A gold medal for Giles Scott (BSc Geography and Geology, 2008) was the standout performance in Rio. Giles was one of the Games’ hot favourites for gold in the build-up, and he did not disappoint. His victory in the Finn heavyweight dinghy class was so convincing that he was able to go into the final double points Medal Race knowing that, providing he successfully competed in the race, he could not be knocked off the top of the podium. Giles’ victory meant that he inherited the Finn title held by the most successful Olympic sailor of all time, Sir Ben Ainslie, while also ensuring that the men’s heavyweight dinghy crown remains in British hands for a fifth successive Games.
Having trained alongside him in the build up to Beijing 2008, pushed him for selection in London 2012, and inherited his Olympic title, Giles will now join Ben Ainslie’s 2017 America’s Cup team.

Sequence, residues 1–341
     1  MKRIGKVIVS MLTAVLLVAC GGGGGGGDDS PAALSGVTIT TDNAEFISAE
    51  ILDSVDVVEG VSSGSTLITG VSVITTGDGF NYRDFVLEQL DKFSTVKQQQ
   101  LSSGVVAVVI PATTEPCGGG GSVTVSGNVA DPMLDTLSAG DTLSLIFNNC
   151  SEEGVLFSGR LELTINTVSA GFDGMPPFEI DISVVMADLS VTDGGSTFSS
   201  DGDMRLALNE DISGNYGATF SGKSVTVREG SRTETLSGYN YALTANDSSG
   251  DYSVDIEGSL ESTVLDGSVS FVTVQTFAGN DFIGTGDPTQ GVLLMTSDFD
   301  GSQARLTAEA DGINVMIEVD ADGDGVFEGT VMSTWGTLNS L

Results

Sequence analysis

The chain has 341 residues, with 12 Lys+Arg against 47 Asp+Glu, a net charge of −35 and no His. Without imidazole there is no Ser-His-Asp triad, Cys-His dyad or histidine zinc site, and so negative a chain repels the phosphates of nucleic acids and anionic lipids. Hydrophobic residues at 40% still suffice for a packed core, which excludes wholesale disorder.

Southampton alumnus Ben Saxton (BSc Business Studies 2011) made his Olympic debut in Rio, in the new Nacra 17 catamaran class. Ben and his sailing partner Nicola Groves won the World Cup Regatta in Weymouth in June, supporting their selection for Rio.
It’s a big achievement being selected to represent Britain. Only one boat from each country can enter each class at the Games so we had to beat some very good and more experienced sailors to get there, explained Ben.
Once in Rio, the pair came ninth, but described the Olympic experience as “awesome” and one that has left them wanting more. “I am motivated by a love of the sport, and a raw and simple wish to be the best; I find that very satisfying,” Ben enthused. “The other aspect I love is the racing and campaigning,” he added. “Setting up strategies, tactics, and decision making around the racecourse, over the week-long event as a whole, and over the four-year cycle in order to peak across the final year.”
Ben started sailing at Grafham Water in the Midlands, introduced by his parents who were keen sailors. Sailing has always played an important role in his life and while at Southampton, he and his partner claimed the Handicap fleet victory at the University Championships.